Figure 14
Figure 14. Representative Small Molecule MDMX Inhibitors.

Tanaka and co-workers screened a library of 40,000 compounds to identify MDMX inhibitors [78]. One of the compounds identified, 29, had an MDMX binding affinity IC50 of 0.5 µM in the surface plasmon resonance (SPR) assay and 1.2 µM in fluorescence correlation spectroscopy (FCS) assay while nutlin-3 had an IC50 of 50 µM in the SPR assay and 20 µM in the FCS assay to MDMX, respectively. Compound 29 had a cell growth inhibitory GI50 of 1.6 µM in the p53 wild-type MV4;11 leukemia cell line, 5.5 µM in the p53-deficient HI299 cell line, and 9.8 µM in WI-38 cultured normal human cells, respectively, thus only displaying modest selectivity for cancer cells with different p53 status.

Recently, Vassilev and coworkers reported a dual small molecule (RO-2443) that bound to MDMX with an IC50 of 41 nM and to MDM2 with an IC50 of 33 nM, while nutlin-3a bound to MDMX with an IC50 of 9.3 µM [80]. A crystal structure of the MDMX-RO-2443 complex (PBD: 3U15) was obtained at 1.8 Å resolution and showed that two MDMX protein molecules formed a dimer. Two of the p53-peptide binding pockets formed a hollow core and within this core, there were two molecules of RO-2443 parallel to each other in a head-to-tail fashion. Overlay of the crystal structure on the p53 peptide showed that a difluorophenyl group of one RO-2443 occupied the Trp23 binding pocket and a chloroindole group of the other RO-2443 occupied the Phe19 pocket, leaving the Leu26 pocket vacant. A related compound, RO-5963, developed as a water-soluble version of RO-2443 also had high binding affinities to MDM2 and MDMX, with IC50 values of 17.3 nM and 24.7 nM, respectively. The activity of RO-5963 was p53-dependent. RO-5963 was active in p53 wild-type cell lines (IC50 = 2-3 µM in MCF-7, HCT-116, and RKO) but inactive in p53 mutant cell lines (IC50 > 10 µM in SW480 and MDA-MB435). In MDMX-overexpressing breast cancer MCF7 cells, RO-5963 showed cell growth inhibition with IC50 = 2 µM, stabilized p53 in a dose-dependent manner, and elevated protein levels of its transcription targets, p21 and MDM2. The binding mode of RO compounds is interesting because although the Leu26 pocket was not occupied, these compounds had high affinity to both MDM2 and MDMX proteins and showed strong activity in p53 wild-type cancer cell lines. Further optimization of RO-5963 could potentially yield highly potent and efficacious small molecule MDMX/MDM2 dual inhibitors.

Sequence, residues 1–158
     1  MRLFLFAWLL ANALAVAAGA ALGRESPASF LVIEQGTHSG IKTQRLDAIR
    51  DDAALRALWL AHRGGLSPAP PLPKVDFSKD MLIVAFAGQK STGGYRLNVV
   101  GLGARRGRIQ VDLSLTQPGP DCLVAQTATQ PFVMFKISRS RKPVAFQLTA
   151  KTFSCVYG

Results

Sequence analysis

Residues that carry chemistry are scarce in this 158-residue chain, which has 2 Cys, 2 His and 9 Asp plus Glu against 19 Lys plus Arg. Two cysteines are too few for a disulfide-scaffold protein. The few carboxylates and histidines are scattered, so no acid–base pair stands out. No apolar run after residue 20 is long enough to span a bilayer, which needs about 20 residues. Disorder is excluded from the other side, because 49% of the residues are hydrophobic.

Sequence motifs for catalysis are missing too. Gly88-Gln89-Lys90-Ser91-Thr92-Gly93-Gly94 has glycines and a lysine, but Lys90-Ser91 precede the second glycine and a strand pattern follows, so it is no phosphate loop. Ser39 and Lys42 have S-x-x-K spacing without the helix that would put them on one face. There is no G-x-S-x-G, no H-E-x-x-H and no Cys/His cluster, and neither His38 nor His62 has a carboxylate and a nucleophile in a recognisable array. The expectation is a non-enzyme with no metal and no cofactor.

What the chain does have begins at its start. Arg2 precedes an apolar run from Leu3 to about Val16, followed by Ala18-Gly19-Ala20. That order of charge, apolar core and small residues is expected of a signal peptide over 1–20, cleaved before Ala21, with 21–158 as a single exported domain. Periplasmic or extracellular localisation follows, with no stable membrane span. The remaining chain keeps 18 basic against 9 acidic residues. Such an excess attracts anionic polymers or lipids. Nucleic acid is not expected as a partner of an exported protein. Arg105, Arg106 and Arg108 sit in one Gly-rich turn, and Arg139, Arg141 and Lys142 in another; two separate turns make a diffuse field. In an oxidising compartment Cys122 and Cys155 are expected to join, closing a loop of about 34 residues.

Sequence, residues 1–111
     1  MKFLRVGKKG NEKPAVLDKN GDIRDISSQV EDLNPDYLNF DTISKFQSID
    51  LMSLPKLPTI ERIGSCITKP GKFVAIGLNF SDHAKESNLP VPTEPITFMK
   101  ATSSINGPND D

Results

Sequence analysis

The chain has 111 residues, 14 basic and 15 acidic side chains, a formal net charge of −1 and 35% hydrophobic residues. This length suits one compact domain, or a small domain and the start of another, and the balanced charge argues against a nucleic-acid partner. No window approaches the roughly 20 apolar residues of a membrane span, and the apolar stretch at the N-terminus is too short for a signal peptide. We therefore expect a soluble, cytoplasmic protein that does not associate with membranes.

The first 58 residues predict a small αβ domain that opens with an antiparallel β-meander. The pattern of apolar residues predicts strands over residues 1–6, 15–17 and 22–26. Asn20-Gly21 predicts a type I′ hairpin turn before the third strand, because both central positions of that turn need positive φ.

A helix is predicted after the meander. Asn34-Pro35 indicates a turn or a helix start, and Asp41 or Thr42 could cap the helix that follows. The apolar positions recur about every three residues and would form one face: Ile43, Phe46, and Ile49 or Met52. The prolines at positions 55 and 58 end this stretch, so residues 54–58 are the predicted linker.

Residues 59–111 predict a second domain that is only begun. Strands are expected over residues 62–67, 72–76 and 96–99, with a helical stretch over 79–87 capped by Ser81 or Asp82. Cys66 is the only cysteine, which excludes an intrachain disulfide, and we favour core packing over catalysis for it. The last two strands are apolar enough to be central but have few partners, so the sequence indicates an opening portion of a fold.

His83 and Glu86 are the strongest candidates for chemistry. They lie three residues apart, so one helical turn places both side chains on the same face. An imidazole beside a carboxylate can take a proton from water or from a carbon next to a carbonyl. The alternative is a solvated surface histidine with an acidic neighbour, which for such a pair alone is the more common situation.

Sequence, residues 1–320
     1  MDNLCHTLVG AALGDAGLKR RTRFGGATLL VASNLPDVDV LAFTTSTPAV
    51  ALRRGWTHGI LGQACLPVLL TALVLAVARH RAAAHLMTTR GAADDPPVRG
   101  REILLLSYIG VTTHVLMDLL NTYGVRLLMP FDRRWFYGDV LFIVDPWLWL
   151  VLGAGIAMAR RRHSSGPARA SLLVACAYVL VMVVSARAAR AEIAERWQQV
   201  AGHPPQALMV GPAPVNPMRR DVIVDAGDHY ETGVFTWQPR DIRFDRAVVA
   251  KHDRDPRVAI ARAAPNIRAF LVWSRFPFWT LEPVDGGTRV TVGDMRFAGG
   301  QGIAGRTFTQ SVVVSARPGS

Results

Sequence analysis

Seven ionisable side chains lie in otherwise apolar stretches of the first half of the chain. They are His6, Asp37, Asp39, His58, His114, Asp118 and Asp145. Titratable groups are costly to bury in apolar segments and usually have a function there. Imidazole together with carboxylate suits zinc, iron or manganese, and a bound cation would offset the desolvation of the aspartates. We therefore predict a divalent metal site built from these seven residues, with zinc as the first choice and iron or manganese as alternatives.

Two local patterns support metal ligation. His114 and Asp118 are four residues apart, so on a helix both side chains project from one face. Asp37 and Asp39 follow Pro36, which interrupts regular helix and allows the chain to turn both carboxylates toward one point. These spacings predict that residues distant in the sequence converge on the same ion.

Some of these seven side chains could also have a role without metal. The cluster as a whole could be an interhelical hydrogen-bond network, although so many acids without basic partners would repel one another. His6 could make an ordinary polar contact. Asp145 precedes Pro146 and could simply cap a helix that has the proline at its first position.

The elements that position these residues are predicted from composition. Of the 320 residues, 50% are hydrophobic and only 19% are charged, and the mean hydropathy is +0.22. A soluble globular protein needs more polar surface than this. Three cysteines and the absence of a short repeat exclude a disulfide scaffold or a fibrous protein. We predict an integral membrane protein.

Clinical development of small molecule MDM2 inhibitors

The first MDM2 inhibitor advanced into clinical development was RG-7112 [53] (Figure 2), a nutlin. The clinical trials of RG-7112 (RO5045337) covered a wide range of conditions such as sarcoma, myelogenous leukemia, neoplasms, and hematologic neoplasms. ( Identifiers: NCT00559533, NCT00623870, NCT01677780, NCT01164033, NCT01605526, NCT01143740, and NCT01635296). The results from phase I trials in patients with MDM2-amplified liposarcoma have been recently reported [81]. While showing only limited tumor volume reduction, there was clear evidence of p53 activation and cell growth inhibition in MDM2-amplified liposarcomas. Hoffman-La Roche has also advanced a second small molecule MDM2 inhibitor (RO5503781) into phase I clinical trials, in which the drug is being tested as a single agent or in combination with cytarabine ( Identifier: NCT01773408 and NCT01462175).